Home' Trinidad and Tobago Guardian : April 7th 2015 Contents A35
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Kristen Stewart in a scene from Twilight with her co-star and ex-boyfriend Robert Pattinson.
In The Clouds of Sils Maria,
Kristen Stewart s celebrity has
been inverted. The paparazzi
rush right past her.
She plays the efficient, constantly
e-mailing assistant to Juliette Binoche s
famed European actress. Reading tabloid
stories about a Hollywood starlet
(played by Chloe Grace Moretz), she
shrugs: "It s celebrity news. It s fun."
When she s running through possible
roles for her boss, the former Twilight
star describes one film as having were-
wolves "for some reason."
"I had to seriously harness the glee
that was exploding across my face when
I was saying some of those lines,"
Stewart said in an interview. "I don t
think that s what the movie is fully
about. It s not a commentary about the
insane nature of the media in the States,
especially. But no one knows about that
more than me."
Stewart, 24, doesn t seem so much
like she s fleeing her teen idol past as
she s already long gone, maybe just
glancing back, with a wink. The Clouds
of Sils Maria, directed by French film-
maker Olivier Assayas (Carlos, Summer
Hours), which opens in theaters April
10, is part of a string of recent and
upcoming films Stewart has made in
a headlong rush.
"I m having more fun now than I
ever have," says Stewart. "These movies
go by (she snaps her fingers). We made
Camp X-Ray in 20 days. It s just better
when it s faster."
The frenetic pace is in stark contrast
to the plodding demands of a five-film
franchise like Twilight. The movies
now are largely independent, and the
roles (like in Sils Maria) are often sup-
porting or part of an ensemble. She
co-starred as Julianne Moore s daughter
in Still Alice and played a Guantanamo
guard in Camp X-Ray.
She s completed a science-fiction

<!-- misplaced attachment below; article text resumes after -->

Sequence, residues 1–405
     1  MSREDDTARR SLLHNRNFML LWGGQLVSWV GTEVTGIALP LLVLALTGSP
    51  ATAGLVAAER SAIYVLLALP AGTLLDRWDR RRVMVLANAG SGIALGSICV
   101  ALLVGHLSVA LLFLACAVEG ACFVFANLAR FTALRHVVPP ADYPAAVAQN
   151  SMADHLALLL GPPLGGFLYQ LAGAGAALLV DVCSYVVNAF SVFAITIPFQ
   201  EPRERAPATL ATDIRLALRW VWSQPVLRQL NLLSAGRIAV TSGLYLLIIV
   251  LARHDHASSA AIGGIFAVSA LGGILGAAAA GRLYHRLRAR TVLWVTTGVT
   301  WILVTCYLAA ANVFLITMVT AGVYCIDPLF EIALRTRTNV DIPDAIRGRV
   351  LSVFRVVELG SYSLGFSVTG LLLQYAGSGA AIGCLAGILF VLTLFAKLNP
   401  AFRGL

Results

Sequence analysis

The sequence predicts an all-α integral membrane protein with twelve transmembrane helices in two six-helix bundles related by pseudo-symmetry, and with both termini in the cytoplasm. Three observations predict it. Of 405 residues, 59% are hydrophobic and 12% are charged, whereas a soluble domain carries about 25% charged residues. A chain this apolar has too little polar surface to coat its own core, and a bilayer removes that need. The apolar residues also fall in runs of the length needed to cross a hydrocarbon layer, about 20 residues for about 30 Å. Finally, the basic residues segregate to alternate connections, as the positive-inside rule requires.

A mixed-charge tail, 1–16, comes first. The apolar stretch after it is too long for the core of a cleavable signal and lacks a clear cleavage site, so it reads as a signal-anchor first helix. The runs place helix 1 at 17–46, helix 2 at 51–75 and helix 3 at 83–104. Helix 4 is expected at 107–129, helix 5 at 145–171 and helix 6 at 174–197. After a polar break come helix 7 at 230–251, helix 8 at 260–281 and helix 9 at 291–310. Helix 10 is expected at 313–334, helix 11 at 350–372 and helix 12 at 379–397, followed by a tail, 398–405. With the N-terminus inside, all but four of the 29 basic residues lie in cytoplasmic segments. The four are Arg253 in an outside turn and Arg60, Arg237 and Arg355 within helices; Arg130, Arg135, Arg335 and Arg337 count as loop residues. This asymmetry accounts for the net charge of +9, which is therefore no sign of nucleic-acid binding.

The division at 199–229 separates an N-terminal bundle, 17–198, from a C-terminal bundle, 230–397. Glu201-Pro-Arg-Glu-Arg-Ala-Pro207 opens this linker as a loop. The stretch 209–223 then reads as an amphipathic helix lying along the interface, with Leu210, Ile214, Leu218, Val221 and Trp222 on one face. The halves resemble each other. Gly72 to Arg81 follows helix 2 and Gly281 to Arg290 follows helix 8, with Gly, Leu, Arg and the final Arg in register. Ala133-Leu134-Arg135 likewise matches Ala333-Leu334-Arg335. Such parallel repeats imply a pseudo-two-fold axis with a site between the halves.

romance (Equals), a stoner thriller
(American Ultra) and a New York mug-
ging drama (Anesthesia). She s been
filming Kelly Reichardt s adaptation of
Maile Meloy short stories, and she s to
co-star in Woody Allen s next film.
"Because of the lack of expectation
of any of these movies, there were no
moments that people had read in a
book that were the most important
thing in their lives," she says, referring
to her Twilight role. "I really let go."
Shew adds she s "gotten a lot better
at trusting myself and not thinking that
you need to use these nerves and crazy
inertia to convince everyone on the set
that you re legitimate."
Stewart s post-Twilight work reveals
(or perhaps reminds) that her nature
is less as a megawatt star than an
actress bent on naturalism, instinct
and inquisitiveness. She has basically
returned to making much the same
kind of indies she made outside of Twi-
light: Adventureland, Welcome to the
Rileys, The Runaways. There s a distinct
lack of preciousness in choosing projects
or any evident career-building.
"All my favorite actors are not people
that go off and make these characters
that are iron-clad perfect," Stewart
says. "I want to see people willing to
go places they re not determining. You
want to see the surprise in people s
Assayas approached Stewart for
Clouds of Sils Maria on the suggestion
of producer Charles Gillibert, who had
worked with Stewart on the Jack Ker-
ouac adaption On the Road, also a
French production. Stewart says she
never got the script ("and in their very
French way they didn t call or ask or
push"), so the role was cast for Mia
Wasikowska. After Wasikowska dropped
out, Stewart came aboard.
"It s really something that you have
not seen her in," Assayas said at the
Cannes Film Festival, where the film
first premiered. "Kristen, whatever
image one has of her, ultimately she s
just a great actress by any standard."
She has certainly won the French
over. In February, she became the first
American actress to ever win a Cesar,
France s top film award, for her per-
formance in Clouds of Sils Maria.
Of the actor-publicist relationship
Stewart says: "It s always more com-
plicated than: Go get me water. "
Though she s playing a character on
the opposite side of fame, it may be
the role closest to Stewart herself.
"It s so not a departure. It s a world that I know
so well and that I ve observed so much of," Stewart
says. "I really wasn t trying to be anyone else."
In person, Stewart seems to physically shrink,
balled up in a defensive pose, her sleeves pulled over
her hands. She never exactly loosens up, but she s
animated when talking about her inspirations and
her newfound creative freedom. (AP)
With a wink to Twilight, Stewart speeds forward
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